Philadelphia Fed: Job Gains This Year OVERSTATED by 1.1 Million, It Was Only 10K thumbnail

Philadelphia Fed: Job Gains This Year OVERSTATED by 1.1 Million, It Was Only 10K

By The Geller Report

In the aggregate, 10,500 net new jobs were added during the period rather than the 1,121,500 jobs estimated by the sum of the states; the U.S. CES estimated net growth of 1,047,000 jobs for the period.

Anyone who believes anything coming out of government agencies is not just gullible, they’re a danger to themselves (and invariably all of us).

Have you wondered how everyone is broke, yet somehow the Biden economy is on fire, creating all these jobs? Turns out, that was all a massive lie, the Philadelphia Federal Reserve admits. (What totally convenient post-election timing!)

— Tara Servatius (@TaraServatius) December 16, 2022

Job Gains This Year Overstated by 1.1 Million, Philadelphia Fed Reveals

By Andrew Moran, The Epoch Times, December 16, 2022:

Labor data might have been overcounted by as much as 1.1 million jobs earlier this year, the Federal Reserve Bank of Philadelphia revealed in a new quarterly report.

According to the regional central bank’s second-quarter “Early Benchmark Revisions of State Payroll Employment” report (pdf), researchers’ estimated employment changes that occurred between March and June were different in 33 states and the District of Columbia compared to the data published by the Bureau of Labor Statistics (BLS).

During this period, Philadelphia Fed researchers found that there were higher adjustments in four states, lower changes in 29 states and the nation’s capital, and lesser revisions in the remaining 17 states. This included a 4.1 percent drop in payroll employment in Delaware and a 1.2 percent decrease in jobs in New Jersey.

As a result, employment gains might have been overcounted by more than 1.1 million.

“In the aggregate, 10,500 net new jobs were added during the period rather than the 1,121,500 jobs estimated by the sum of the states; the U.S. CES [Current Employment Survey] estimated net growth of 1,047,000 jobs for the period,” the report stated.

This also means that payroll jobs were flat in the March-to-June span. In addition, current estimates indicate that employment growth was 2.8 percent in the four months since June.

E.J. Antoni, a research fellow for Regional Economics in the Center for Data Analysis at The Heritage Foundation, tells The Epoch Times that this “feels like another pyrrhic victory.”

“The Philly Fed data aligns well with the household survey that shows a flat job market since March, contra the robust growth from the establishment survey,” he said. “The seasonal adjustments to the monthly headline jobs numbers this year from BLS have been abnormally large to the upside. December’s number will have to revised down 30% more than normal to essentially balance out the earlier large upward revisions. Job growth was technically ‘front loaded’ in 2022.”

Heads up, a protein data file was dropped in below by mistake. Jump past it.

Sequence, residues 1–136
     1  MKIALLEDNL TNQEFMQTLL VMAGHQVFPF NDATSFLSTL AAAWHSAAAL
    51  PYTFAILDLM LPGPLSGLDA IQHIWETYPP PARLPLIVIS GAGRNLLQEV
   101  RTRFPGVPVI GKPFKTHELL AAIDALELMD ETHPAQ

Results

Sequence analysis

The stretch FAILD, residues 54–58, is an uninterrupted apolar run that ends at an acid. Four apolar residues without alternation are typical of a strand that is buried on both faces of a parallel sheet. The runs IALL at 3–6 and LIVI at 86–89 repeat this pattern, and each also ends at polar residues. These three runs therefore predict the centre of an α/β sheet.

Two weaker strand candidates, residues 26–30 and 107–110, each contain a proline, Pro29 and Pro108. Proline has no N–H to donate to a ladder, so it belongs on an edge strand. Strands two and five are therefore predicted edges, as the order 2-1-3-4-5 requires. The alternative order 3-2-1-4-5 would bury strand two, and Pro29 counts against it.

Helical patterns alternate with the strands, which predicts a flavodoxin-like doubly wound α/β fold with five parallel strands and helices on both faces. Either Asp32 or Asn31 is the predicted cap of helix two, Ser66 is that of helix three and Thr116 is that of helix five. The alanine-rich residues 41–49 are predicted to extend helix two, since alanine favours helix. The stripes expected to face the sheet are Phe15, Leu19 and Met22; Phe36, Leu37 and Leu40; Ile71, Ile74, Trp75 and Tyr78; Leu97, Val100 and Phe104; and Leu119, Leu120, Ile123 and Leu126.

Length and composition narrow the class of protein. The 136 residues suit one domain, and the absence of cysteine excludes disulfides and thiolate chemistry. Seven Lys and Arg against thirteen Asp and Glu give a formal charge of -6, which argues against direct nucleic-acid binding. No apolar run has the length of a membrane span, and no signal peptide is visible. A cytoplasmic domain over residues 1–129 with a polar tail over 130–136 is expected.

The Philadelphia Fed explained how its calculations differ from how the BLS crunches the figures.

“The Federal Reserve Bank of Philadelphia has developed early benchmark estimates of monthly state payroll employment on a quarterly basis to predict the subsequent annual benchmark revisions by the Bureau of Labor Statistics (BLS). Our process enhances the monthly Current Employment Survey (CES) payroll employment data with the more comprehensive Quarterly Census of Employment and Wages (QCEW) payroll employment data. The CES provides a timely estimate of monthly state employment data, but the QCEW follows about five months later with a more complete picture, covering more than 95 percent of all employers. Our methodology was adapted from an approach pioneered by the Federal Reserve Bank of Dallas and modified to accommodate all 50 states and the District of Columbia,” the regional central bank noted in its methodology explainer (pdf).

Will this force the BLS to revise its figures lower in the coming months?

BLS Caught Overcounting

Critics have charged that there is something wrong with the monthly jobs report.

The BLS report is comprised of two chief surveys: establishment (businesses) and household. The former has recorded stronger-than-expected growth for most of 2022, while the latter has been roughly flat. Since March, the divergence has skyrocketed to 2.7 million workers.

The main explanation for this gap is that the BLS allows double counting. This means it will count every extra job a person possesses as another payroll. The household component does not permit this feature.


Pamela Geller

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